I think the best compliment I can offer John Moore is that he didn't look out of place when comparing him to the older Goloubef, or even on the occasions where he skated with Tyutin or Hejda. He's clearly put work into developing himself this summer, and I think he's ready for the demands of pro hockey, though I'll admit I still don't know if he'll end up in Columbus or Springfield.
Camp Invite Dan Fritsche is another player who didn't look out of place, but unfortunately I didn't really think he did anything to stand out from the pack, either. He seemed to enjoy himself, and he was skating well all day, but for someone hoping to earn an NHL contract, at least on the first day, I didn't have a real sense he was out-hustling someone.
A player who did look a bit out of place, or at least a bit overwhelmed, was former Nashville forward Ben Guite. I noticed that on a few occasions when he stopped at the boards after skating that he was seriously huffing and puffing, taking huge gasps of air, and seemed to be having a bit of trouble keeping his speed up on some of the drills. Other players didn't seem to have the same level of difficulty, even as the practice neared the end. I give him credit for pushing himself and keeping himself involved, but I wouldn't be shocked if he finds himself spending more time with new Strength & Conditioning coach Kevin Collins.
As the practice wound down, following their cool-down and stretches, group B took the time to salute the fans who had spent their morning with the Jackets, raising their sticks to the air as the fans responded with hearty applause. Afterwards, even though the practice was 'officially' over, every player stayed on the ice for some time afterwards, some working on faceoffs, some getting feedback from the coaches, the goalies chatting with goaltending coach Dave Rook, and a large group of defensemen (Moore, Hejda, Stralman, and Sigalet) playing what basically amounted to a game of horse wtih an empty net, starting at the blue line, moving closer if they made a shot, and moving backwards if they missed.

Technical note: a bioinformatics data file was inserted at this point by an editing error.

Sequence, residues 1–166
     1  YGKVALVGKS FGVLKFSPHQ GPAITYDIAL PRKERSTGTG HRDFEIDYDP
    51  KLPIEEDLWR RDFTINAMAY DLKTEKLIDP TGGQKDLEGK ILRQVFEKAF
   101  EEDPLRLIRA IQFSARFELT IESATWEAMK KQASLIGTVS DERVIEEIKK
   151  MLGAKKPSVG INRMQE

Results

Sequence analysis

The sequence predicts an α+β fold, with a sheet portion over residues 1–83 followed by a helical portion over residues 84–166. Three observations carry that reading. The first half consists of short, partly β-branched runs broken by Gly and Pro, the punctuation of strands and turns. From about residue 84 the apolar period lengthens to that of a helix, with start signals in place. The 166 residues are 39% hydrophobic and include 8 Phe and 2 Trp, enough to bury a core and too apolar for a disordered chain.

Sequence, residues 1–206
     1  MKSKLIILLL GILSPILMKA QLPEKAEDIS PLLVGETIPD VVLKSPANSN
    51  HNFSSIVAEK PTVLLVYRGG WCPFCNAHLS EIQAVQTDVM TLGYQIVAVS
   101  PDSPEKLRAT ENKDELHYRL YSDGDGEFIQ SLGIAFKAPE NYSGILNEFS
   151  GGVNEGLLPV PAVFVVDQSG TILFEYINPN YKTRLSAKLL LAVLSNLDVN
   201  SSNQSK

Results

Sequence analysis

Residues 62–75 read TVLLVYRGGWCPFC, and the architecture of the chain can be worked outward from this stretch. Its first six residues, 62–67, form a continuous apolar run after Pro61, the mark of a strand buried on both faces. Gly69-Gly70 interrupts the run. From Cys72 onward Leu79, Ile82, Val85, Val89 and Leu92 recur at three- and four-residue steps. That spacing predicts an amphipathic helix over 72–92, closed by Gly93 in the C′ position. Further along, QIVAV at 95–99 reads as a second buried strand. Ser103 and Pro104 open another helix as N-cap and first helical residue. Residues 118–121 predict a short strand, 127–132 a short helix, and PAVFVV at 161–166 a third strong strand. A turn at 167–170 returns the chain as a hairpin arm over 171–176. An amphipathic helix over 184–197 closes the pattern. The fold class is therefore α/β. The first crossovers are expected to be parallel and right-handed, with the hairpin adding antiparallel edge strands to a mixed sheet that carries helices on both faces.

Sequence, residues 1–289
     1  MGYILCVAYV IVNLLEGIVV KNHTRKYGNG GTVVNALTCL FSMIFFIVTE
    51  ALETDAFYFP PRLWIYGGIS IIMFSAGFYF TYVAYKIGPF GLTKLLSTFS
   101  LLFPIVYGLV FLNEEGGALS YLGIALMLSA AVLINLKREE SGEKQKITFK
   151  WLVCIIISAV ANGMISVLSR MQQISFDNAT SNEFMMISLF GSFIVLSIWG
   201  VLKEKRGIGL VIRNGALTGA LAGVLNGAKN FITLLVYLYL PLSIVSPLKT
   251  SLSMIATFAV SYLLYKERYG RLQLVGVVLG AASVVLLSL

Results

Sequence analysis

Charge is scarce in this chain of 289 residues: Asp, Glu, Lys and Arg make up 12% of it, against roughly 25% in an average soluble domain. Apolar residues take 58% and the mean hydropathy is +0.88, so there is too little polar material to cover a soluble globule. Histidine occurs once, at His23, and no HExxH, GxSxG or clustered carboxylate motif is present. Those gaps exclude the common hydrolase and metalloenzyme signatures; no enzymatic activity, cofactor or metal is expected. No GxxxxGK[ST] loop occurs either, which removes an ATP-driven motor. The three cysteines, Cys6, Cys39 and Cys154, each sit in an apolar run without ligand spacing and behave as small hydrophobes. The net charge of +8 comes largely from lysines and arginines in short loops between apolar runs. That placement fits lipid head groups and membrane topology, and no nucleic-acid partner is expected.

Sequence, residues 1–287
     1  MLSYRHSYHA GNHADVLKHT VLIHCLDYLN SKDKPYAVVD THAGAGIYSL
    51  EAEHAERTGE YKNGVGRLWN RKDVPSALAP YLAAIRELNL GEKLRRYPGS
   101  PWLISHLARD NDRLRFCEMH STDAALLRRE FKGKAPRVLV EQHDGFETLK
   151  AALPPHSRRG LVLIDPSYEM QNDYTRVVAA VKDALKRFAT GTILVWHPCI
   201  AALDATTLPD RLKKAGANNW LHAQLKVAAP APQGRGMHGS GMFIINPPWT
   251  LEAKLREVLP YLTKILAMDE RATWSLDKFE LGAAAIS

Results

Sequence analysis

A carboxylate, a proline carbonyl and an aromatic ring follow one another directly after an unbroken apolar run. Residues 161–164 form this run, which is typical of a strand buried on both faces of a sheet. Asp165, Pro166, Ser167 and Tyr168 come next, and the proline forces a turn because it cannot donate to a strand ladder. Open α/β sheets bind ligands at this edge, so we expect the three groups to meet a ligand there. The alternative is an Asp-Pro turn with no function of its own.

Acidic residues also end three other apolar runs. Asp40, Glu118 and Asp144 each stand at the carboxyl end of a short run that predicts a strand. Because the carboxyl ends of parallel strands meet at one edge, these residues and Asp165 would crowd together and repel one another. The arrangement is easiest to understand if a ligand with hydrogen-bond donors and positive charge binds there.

There was an optimistic buzz as I left camp today, as fans talked to each other, and I can see it in some of the traffic on Twitter and Facebook as well. It's not just the relief of hockey being back after a long offseason, though there's certainly a fair bit of that. It's a sense that maybe, just maybe, the team really is better than we thought it would be - that players seem to be 'getting it', and that the new coaches seem to be the right fit.
It's the sense that perhaps, at long last, we're getting the kind of team the fans hoped to see last year - one that will be able to challenge the long held expectations of the Western Conference, and truly compete for the post-season.
(You can see more of my pictures from day 1 of training camp here, or go check out The View From 210 because, frankly, Mark and Andrea are better photographers than I am!)